It all still seems so small.
Barely 24 hours after the film world lost a giant in Roger Ebert, we are still collectively reeling from his passing, both immensely sad and yet joyous of the life that he lived, influencing an entire generation of film fans. But with the weekend approaching, what better way to honor the late writer’s legendary life than to watch a handful of films? The only thing better would be to watch the films, and then discuss them with friends as the discussion that Ebert forced the world to have about and with film is as important and influential as any one single word, phrase, paragraph or review the icon ever wrote. Here are five films that you should watch this weekend, and hopefully, they’ll make this weekend a little more enjoyable.
This one is for you, Roger.
While not the first film Ebert ever championed, for many of this generation, it was the first time we bore witness to a writer truly getting behind a picture, and ultimately its filmmaker (Steve James). The masterpiece of documentary film known as Hoop Dreams follows the story of two high school basketball stars as they go through their four years of high school with the hopes of ultimately becoming college, and then professional, athletes. Giving the viewer a glimpse into just about every aspect of these men’s lives, the film is a truly beautiful look at inner city life, the film is a meditation on everything ranging from race to education. It’s simply a classic documentary.
But then again, these are just my words. Here’s Ebert’s review, one of the best bits of criticism I’ve ever read.
4. Cover Girl (TCM; Sunday, April 7 @ 1:30pm EST)
There are very few things in this world as life affirming as watching Gene Kelly dance. This 1944 King Vidor-helmed classic tells the tale of a nightclub dancer who watches as her life changes after trying to make it big in modeling, only to see her relationship with her fellow dancer boyfriend get rocky. Featuring a fantastic turn from the always fantastic Rita Hayworth and one of Kelly’s best performances, this film also happens to feature one of the most remarkable dance sequences to date. Known as the Alter Ego sequence, the sequence is set up by Kelly’s character telling himself that he knows that his love is out with another man, but that instead of sulking, he should let her go. However, when his mirror image leaps out from the window of a store front, the two have one of the most superbly choreographed dance sequences you’d ever see from the legend. A truly fantastic film, this is every bit as good as anything Kelly made.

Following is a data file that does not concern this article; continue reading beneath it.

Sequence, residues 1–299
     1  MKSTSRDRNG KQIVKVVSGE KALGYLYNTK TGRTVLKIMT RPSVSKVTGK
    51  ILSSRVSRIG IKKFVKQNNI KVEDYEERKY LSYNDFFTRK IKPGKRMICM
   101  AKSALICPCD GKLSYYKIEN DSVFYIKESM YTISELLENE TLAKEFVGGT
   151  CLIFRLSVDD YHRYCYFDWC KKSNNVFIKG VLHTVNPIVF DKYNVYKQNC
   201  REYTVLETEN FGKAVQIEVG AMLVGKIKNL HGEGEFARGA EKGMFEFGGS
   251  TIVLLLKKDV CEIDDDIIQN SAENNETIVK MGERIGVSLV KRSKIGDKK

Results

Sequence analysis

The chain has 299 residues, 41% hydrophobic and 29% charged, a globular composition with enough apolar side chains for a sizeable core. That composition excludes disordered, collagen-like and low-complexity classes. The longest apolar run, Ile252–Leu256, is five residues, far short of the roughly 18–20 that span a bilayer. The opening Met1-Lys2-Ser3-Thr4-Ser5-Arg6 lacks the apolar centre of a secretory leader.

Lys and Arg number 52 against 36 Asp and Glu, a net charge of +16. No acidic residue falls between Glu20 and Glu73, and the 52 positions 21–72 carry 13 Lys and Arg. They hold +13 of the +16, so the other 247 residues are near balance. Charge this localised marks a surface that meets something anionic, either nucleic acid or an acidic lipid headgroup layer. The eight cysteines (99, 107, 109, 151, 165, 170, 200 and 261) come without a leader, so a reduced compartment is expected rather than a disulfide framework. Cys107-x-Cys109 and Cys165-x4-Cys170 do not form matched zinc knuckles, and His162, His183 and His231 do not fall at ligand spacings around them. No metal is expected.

3. Peppermint Frappe (Hulu)
Speaking of dance sequences, there’s a mighty fine one near the end of director Carlos Saura’s unsung gem of a drama, entitled Peppermint Frappe. A film dedicated to Luis Bunuel, the film almost implicitly derives itself from the ideas found within Bunuel’s pictures, and follows the story of a man obsessed with his friend’s new lover, a gorgeous blonde, so much so that he, in a Hitchcockian turn, falls for his co-worker only to turn her into a mirror image. Featuring a lead performance ripped right out of the Freudian ooze that birthed various characters found within the films of the master of suspense, this film blends Bunuel surrealism and Hitchcock eroticism into a film that is as startling a thriller as you’ll see. Toss in a pair of top notch performances from co-star Geraldine Chaplin, and you have a film that shouldn’t be scoffed at when perusing Criterion’s Hulu Plus lineup.
2. A Legend Or Was It? (Hulu)
Another fantastic film that may be overlooked on Criterion’s Hulu Plus page, this time from director Keisuke Kinoshita, A Legend Or Was It may be one of the director’s very best films. Seemingly mentioned on this site weekly, the director’s massive output has been shockingly deep. Legend follows the story of a husband and wife who are caring for the husband’s mother, only to find themselves the ire of a trio of criminals waiting to take the right moment to strike. However, when plans at the house begin to change, the film turns from a beautiful meditation on post-War Japan seemingly inspired by John Ford into a startlingly tense Peckinpah-esque thriller. While I’ve been impressed with Kinoshita’s output ever since truly digging into his canon way back when his films began hitting Criterion’s Hulu Plus page, but this may be my favorite film I’ve seen of his to date. Ballad Of Narayama is a prettier film, but Legend is a gritty drama that may very well be one of the best films streaming that you probably haven’t heard of.
1. Samurai Jack (Netflix)
Mentioned last week when Netflix added a cavalcade of Cartoon Network shows to their service, yours truly had the pleasure of marathoning through this legendary animated series, and it lived up to every bit of hype, if not exceeding it. From Genndy Tartakovsky, the show follows a samurai who, with his enemy on the ropes, is sent forward in time where that very villain, Aku, is the ruler. Bent on getting back in time and finishing what he started, Jack meets various groups of people, saving some, defeating others, in what is possibly one of the best bits of animated television I’ve ever seen. Only one season is available on Netflix, so it’s a breeze to dig through in one sitting, but it will leaving you absolutely addicted, only to be left without your fix.